4. Statistical analysisAll data were analyzed using the SPSS Version 25.0 software program (IBM Corp., Armonk, NY, USA). Participant sociodemographic and clinical characteristics were analyzed using descriptive statistics for frequency, percentage, mean, and standard deviation. Individual differences in self-management were analyzed using the Student t test, and analysis of variance according to the respective sociodemographic and clinical characteristics of each patient. In addition, a Scheffe test was conducted during the post hoc analysis, and correlations between variables were subjected to Pearson’s correlation coefficients. The mediating effects of autonomy support from healthcare providers, and self-management between autonomy, competence, and relatedness were analyzed using a 3-stage regression analysis following Baron and Kenny methods [21]. In the first stage, regression analysis of the effects of independent variables on the mediating variable, should show significant results. In the second stage, regression analysis of the effects of independent variables on the dependent variable, should have a significant effect. In the third stage, to control each variables influence, independent variables and mediating variables are tested at the same time, and then a regression analysis is performed on the effects of these on the dependent variables. The mediating variable was considered to have a full mediating effect on this relationship when the correlation between the independent and dependent variables was measured as insignificant. However, the mediating variable was considered to have a partial mediating effect on the same relationship when the correlation between the independent and dependent variables was measured as significant. The significance of the mediated effect was verified by a Sobel test.

5. Ethical considerationsThis study received ethical approval from the institutional review board of the Dongnam Institute of Radiological and Medical Sciences (Approval no.: D-1902-011-002). The researcher provided all participants with full details about the research purpose and ensured data confidentiality. Individuals who agreed to participate completed signed informed consent forms, which clearly stated that withdrawal was possible at any time, ensured anonymity in relation to all collected data, and stated that all content was solely used for research purposes.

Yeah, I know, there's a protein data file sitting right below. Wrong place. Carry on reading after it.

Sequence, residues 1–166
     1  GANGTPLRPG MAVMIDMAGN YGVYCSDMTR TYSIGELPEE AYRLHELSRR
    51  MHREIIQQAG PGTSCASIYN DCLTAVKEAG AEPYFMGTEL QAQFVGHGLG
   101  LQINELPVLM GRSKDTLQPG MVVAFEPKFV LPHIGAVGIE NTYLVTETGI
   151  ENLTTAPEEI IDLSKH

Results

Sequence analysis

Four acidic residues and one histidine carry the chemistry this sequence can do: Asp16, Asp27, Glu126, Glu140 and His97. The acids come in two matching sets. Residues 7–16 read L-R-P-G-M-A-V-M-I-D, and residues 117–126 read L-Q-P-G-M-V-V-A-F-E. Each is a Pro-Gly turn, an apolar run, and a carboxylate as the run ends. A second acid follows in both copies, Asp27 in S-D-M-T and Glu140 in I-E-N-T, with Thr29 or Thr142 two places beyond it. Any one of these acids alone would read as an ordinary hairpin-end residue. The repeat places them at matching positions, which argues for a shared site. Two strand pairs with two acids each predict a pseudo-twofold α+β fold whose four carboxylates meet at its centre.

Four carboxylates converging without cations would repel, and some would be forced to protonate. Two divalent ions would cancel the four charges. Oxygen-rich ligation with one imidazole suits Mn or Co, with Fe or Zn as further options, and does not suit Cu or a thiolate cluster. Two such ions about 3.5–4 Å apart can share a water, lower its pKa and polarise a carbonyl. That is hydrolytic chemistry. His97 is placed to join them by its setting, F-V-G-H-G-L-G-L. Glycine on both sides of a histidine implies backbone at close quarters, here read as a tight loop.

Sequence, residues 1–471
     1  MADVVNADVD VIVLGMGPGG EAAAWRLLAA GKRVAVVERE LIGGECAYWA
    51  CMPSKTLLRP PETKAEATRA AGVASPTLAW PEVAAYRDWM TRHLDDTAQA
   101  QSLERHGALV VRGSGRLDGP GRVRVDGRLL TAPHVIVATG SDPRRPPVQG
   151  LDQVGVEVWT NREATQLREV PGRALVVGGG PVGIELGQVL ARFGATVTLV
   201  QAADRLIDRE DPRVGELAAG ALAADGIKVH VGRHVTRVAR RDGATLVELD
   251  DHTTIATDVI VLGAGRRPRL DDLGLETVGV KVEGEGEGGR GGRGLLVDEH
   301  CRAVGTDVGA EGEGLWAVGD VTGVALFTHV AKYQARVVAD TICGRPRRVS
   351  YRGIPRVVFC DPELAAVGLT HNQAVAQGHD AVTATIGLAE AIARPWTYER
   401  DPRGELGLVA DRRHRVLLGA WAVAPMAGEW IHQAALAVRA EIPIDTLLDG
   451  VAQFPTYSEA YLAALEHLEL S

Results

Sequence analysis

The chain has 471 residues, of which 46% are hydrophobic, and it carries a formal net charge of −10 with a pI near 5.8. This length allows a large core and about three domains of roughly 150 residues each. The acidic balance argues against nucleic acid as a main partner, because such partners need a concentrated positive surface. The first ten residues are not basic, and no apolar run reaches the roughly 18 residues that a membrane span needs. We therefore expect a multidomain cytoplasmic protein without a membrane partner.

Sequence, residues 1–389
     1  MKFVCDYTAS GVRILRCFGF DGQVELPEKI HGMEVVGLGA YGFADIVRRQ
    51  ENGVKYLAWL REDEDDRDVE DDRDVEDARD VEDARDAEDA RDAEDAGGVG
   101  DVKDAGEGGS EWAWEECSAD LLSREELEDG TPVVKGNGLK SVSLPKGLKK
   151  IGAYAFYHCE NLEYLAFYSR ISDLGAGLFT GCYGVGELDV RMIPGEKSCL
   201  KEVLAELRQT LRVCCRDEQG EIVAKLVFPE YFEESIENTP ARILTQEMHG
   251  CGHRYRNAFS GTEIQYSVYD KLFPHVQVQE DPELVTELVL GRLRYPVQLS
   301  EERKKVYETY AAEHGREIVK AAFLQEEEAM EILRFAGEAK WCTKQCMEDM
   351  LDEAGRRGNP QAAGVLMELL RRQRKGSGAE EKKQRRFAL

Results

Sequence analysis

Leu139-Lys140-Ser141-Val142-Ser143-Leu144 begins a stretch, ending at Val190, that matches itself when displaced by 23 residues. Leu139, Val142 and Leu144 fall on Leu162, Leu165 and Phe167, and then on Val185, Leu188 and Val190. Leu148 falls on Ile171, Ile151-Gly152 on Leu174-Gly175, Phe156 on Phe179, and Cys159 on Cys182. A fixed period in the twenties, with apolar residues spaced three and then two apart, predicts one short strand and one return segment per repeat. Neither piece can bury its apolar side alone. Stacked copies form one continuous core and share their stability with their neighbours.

Results

1. Participant sociodemographic and clinical characteristicsThere were 100 female (67.6%)and 48 male (32.4%) participants. There were 57 (38.5%) who were aged 60 years or older, and 117 (79.1%) had completed their education beyond high school. Most participants lived with their spouses, and 104 (70.3%) were religious. There were 102 (68.9%) participants who were unemployed and did not participate in patient support groups. The most common types of illness were gynecological cancer, thyroid cancer, and gastrointestinal cancer, with 103 (69.6%) participants having undergone surgery. There were 34 (23.0%) participants who had been diagnosed with cancer 5 years prior to the study, and 46 (31.1%) were no longer receiving treatment. A total of 62 (41.9%) had no comorbidity (Table 1).

2. Autonomy support from healthcare providers, basic psychological needs, and self-management scoresThe mean participant score for autonomy support from healthcare providers was 84.64 out of a possible 105, while the basic psychological needs score was 111.01 out of 147, and the self-management score was 76.28 out of 96 (Table 2). For mean subcategory scores, relatedness scored the highest at 44.01, followed by autonomy and competence at 38.80 and 28.20, respectively.

3. Relationships between autonomy support from healthcare providers, basic psychological needs, and self-managementSelf-management was significantly and positively correlated with autonomy support from healthcare providers (r = 0.38, p < 0.001), autonomy (r = 0.40, p < 0.001), competence (r = 0.25, p = 0.002), and relatedness (r = 0.32, p < 0.001; Table 3).